However in an earlier section of the Torah it speaks about how we stood ‘at the foot of the mountain’ (Shemos 19:17). The Gemarah (Shabbos 88a) explains this to mean that God held a mountain over the all of the Jewish people as if it were a cask and gave us an ultimatum, ‘If you accept the Torah, good. If not, THERE will be your burial! Which basically means that God forced the Jewish people to accept it!
Is it possible that the Jews were at one moment ambivalent about accepting something that would separate them from all others and then shortly after that - they were so accepting of the Torah that it didn’t matter to them what was in it?
Rav Aaron Soloveichik has a novel interpretation of this seeming contradiction. He explains that we were never forced. That would have denied us our free will. Then he notes the strange use of the word ‘THERE’ in the Gemarah’s explanation of that verse. Why not use the more appropriate ‘HERE’. What does us of the word ‘THERE’ mean to tell us?
Rav Ahron suggests that a Midrash on Shir HaShirim can help explain the discrepancy. God asked our forefathers for guarantees before giving them the Torah. He wanted to assure that the Torah would be the cornerstone of Jewish national existence.
Our ancestors first offered the patriarchs and then the prophets as guarantors. But God rejected both proposals. Only when the Jewish people pledged that future generations would uphold His word, that God accepted it. The Torah was too precious to be given to only a single generation. It had to be ‘a legacy for the community of Ya’akov (D’varim 33:4).
This is where the word ‘THERE’ comes in. What that means is that if future generations abandon the commitment to the Torah guaranteed by their ancestors at Sinai, whenever or wherever they may be, ‘THERE’ will be their burial. That would be their tragic end.
There is therefore no contradiction in the 2 aforementioned biblical passages. They willingly – even eagerly accepted the Torah in both instances. It was only in the sense of guaranteeing future generations that Israel showed some reluctance. On this point there was coercion.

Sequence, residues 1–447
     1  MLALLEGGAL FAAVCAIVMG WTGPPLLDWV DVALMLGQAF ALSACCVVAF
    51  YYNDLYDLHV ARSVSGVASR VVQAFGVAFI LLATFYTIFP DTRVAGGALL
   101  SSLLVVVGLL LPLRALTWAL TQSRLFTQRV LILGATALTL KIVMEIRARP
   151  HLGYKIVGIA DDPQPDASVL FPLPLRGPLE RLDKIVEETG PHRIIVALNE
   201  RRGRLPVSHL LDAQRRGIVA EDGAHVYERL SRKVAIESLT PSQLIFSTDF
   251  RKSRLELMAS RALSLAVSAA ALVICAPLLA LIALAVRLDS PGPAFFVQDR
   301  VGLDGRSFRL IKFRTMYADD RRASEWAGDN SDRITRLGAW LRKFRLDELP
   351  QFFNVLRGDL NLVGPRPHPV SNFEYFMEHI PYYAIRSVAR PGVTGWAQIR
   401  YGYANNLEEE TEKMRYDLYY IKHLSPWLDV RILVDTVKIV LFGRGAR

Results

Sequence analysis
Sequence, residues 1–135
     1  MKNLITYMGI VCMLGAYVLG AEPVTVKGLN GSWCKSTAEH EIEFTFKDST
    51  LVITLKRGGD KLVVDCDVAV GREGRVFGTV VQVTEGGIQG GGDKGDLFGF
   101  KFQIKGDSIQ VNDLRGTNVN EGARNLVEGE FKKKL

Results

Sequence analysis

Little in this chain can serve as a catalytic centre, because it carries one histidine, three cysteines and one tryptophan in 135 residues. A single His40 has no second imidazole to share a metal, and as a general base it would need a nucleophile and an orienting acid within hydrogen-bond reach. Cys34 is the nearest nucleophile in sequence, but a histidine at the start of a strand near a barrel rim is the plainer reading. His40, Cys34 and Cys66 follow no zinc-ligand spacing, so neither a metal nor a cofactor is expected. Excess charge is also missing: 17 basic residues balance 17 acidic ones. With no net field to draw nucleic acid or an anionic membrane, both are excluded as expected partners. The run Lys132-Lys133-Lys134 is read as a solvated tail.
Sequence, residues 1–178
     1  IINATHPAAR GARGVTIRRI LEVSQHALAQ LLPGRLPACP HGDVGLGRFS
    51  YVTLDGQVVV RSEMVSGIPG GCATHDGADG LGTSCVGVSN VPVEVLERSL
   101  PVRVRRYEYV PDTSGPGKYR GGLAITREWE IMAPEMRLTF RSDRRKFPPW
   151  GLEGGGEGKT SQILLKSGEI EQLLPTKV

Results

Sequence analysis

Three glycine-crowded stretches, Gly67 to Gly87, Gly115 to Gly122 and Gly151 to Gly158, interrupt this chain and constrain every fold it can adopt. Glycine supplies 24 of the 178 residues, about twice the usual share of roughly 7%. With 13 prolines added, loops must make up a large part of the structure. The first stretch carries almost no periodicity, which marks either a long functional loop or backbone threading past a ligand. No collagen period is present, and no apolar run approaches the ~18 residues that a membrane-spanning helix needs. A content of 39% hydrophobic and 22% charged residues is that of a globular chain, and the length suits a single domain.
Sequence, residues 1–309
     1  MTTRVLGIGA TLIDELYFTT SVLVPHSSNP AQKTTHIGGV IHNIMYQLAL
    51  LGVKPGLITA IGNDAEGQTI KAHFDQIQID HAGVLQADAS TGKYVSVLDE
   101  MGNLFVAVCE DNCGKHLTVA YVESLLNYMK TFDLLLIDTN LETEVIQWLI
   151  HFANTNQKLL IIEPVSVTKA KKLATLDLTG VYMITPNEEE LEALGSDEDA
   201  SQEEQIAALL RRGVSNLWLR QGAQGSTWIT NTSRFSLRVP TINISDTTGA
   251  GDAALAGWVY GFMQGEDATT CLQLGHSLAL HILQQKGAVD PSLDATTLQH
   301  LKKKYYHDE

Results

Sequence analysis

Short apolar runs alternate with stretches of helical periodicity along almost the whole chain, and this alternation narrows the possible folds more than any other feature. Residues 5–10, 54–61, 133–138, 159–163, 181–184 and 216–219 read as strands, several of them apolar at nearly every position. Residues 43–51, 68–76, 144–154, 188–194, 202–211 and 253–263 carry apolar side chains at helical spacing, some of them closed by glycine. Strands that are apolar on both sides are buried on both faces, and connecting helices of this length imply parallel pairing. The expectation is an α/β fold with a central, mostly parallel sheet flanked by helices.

Rav Ahron adds that the idea of holding the mountain over their heads like a cask is an exact expression. Freedom is most important gift God has bestowed upon mankind. But it is also the most abused and misunderstood of all moral values.
From the Torah’s perspective, freedom is to be treated as an opportunity. Which should be used maximize one’s potential. It is not an end in itself.
The last Mishna in Shas tells us that God did not find a better ‘cask’ in, which Bracha – blessing - can be kept than Shalom - peace. ‘God will give strength to His people; God will bless His people with Shalom’ (Tehilim 29:11).
Shalom means the absence of conflict and the absence of the abuse of power. It is synonymous not only with peace but also with freedom. Shalom is merely a cask in which the Yeino Shel Torah – the wine of the Torah is kept. It is the opportunity for Bracha where fulfillment of our moral and spiritual potential can be realized. As long as the cask opening is face up the wine is preserved. If on the other hand it is turned face down – the wine will spill out.
As long as we treat freedom as a cask, as an opportunity whereby the image of God in our souls can be realized, then freedom is the source of Bracha. But if that cask is overturned and treated as an end in itself, then the wine of Torah will be spilled out and lost to the grave of absorption.
Only in utilizing freedom properly by realizing the image of God within us, by committing our children to the Torah, can we preserve Bracha for our generation and all future ones.
*Adapted from The Warmth and the Light.